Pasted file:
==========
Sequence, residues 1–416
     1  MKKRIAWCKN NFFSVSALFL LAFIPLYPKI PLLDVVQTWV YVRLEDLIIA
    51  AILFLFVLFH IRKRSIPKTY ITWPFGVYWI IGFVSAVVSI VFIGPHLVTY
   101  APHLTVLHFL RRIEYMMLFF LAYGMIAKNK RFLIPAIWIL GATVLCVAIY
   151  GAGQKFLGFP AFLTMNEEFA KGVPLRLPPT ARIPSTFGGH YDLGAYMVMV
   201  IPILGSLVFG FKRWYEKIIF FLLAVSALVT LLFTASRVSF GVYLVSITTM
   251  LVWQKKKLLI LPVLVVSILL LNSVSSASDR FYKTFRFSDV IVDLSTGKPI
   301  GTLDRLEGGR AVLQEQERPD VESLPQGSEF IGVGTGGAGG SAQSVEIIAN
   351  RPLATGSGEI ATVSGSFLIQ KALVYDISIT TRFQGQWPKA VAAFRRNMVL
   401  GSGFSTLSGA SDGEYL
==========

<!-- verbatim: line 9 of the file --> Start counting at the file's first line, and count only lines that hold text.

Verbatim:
   351  RPLATGSGEI ATVSGSFLIQ KALVYDISIT TRFQGQWPKA VAAFRRNMVL